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Coronavirus causes shortage of hand sanitizers in stores; here's how to make your own

If you’ve tried shopping for hand sanitizer recently, you may have had a difficult time finding a store that has some in stock.

A recent report shows that the demand for hand sanitizer has increased about 1,400% in recent weeks.

While health experts still recommend washing your hands as the best way to prevent the spread of germs, they acknowledge that hand sanitizer is a more convenient way to kill off viruses.

Robert Kirchdoerfer, an assistant professor of biochemistry at the University of Wisconsin — Madison, said that the alcohol in hand sanitizer can deactivate the Coronavirus if you come into contact with it.

“So Coronaviruses are enveloped viruses and what this means is the viral genomic materials is wrapped in a layer of lipids. What the alcohol is doing is going in and disrupting that layer of lipids. So essentially it’s like popping the balloon,” Kirchdoerfer said.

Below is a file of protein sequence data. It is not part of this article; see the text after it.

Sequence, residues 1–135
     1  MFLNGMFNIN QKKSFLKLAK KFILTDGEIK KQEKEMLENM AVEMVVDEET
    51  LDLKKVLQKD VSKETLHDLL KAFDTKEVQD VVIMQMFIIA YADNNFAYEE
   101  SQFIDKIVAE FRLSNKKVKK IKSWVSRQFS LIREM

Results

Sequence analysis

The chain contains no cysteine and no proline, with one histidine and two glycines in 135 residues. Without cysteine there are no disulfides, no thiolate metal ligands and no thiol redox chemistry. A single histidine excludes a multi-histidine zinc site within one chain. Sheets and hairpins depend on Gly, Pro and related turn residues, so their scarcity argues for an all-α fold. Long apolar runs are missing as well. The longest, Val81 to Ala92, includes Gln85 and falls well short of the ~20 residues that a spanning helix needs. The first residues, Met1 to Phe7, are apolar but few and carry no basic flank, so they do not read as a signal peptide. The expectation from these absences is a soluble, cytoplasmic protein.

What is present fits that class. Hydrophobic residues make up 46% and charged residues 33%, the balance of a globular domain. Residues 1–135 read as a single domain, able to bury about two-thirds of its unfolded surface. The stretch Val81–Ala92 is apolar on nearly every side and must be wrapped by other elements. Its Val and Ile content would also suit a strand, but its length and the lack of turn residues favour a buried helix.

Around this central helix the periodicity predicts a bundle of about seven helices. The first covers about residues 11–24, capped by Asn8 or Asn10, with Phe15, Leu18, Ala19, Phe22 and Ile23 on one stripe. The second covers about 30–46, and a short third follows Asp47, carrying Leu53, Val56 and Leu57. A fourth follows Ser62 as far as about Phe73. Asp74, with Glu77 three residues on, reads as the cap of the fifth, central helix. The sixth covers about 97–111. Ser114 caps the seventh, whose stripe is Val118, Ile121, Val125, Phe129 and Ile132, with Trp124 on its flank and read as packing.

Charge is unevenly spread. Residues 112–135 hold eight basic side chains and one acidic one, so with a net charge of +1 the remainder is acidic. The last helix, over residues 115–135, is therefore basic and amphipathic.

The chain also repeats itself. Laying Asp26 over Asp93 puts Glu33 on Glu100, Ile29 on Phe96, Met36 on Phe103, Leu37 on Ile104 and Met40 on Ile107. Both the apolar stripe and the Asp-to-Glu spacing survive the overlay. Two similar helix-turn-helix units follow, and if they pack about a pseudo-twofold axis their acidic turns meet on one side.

Kirchdoerfer also said that the soap you use to wash you hands works the same way.

But because the demand for hand sanitizers is increasing, if you aren’t able to find any in stores, and aren’t willing to pay the increased prices online, here’s how you can make your own:

  • Mix 1/3 cup of aloe gel with 2/3 cup of rubbing alcohol.
  • Add 5-10 drops of essential oil to mask the smell of the alcohol.
  • Mix it all together and then use a funnel to pour it into a bottle of your choice.
  • Voila! You have your own home-made hand sanitizer.

Kirchdoerfer said if you want your sanitizer to be as effective as possible, the overall product must be at least 60% alcohol.

“You have to use a fairly high concentration of rubbing alcohol,” he said. “So, this is really only going to work if you use the 90 or 100% rubbing alcohol. If you start with 70% and you dilute it further, you’re not using enough alcohol to inactivate the virus anymore.”

An at-home sanitizer will also provide a good way to avoid price-gouging for hand sanitizer products in stores and online.